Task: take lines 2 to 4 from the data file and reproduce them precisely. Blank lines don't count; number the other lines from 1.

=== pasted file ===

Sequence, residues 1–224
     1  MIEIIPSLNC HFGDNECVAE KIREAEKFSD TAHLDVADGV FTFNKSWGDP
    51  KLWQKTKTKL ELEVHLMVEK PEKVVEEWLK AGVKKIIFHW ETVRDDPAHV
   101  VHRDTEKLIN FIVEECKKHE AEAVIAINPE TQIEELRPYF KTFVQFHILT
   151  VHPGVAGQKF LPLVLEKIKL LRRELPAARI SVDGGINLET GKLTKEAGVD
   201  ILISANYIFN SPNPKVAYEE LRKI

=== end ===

     1  MIEIIPSLNC HFGDNECVAE KIREAEKFSD TAHLDVADGV FTFNKSWGDP
    51  KLWQKTKTKL ELEVHLMVEK PEKVVEEWLK AGVKKIIFHW ETVRDDPAHV
   101  VHRDTEKLIN FIVEECKKHE AEAVIAINPE TQIEELRPYF KTFVQFHILT